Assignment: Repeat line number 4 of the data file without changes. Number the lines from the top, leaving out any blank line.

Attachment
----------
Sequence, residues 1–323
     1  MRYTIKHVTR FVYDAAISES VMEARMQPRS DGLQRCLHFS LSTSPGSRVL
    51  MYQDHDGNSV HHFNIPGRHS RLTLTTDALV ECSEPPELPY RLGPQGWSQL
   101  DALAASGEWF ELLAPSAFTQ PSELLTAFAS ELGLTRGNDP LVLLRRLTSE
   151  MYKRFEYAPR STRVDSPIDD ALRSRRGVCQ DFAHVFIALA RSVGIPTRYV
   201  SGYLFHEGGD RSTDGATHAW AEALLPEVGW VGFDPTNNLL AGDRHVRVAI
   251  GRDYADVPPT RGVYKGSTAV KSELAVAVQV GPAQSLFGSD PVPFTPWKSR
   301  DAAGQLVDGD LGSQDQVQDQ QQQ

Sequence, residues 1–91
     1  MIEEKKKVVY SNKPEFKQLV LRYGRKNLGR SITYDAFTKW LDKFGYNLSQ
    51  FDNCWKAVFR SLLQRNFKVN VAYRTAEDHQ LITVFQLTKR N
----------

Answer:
   101  DALAASGEWF ELLAPSAFTQ PSELLTAFAS ELGLTRGNDP LVLLRRLTSE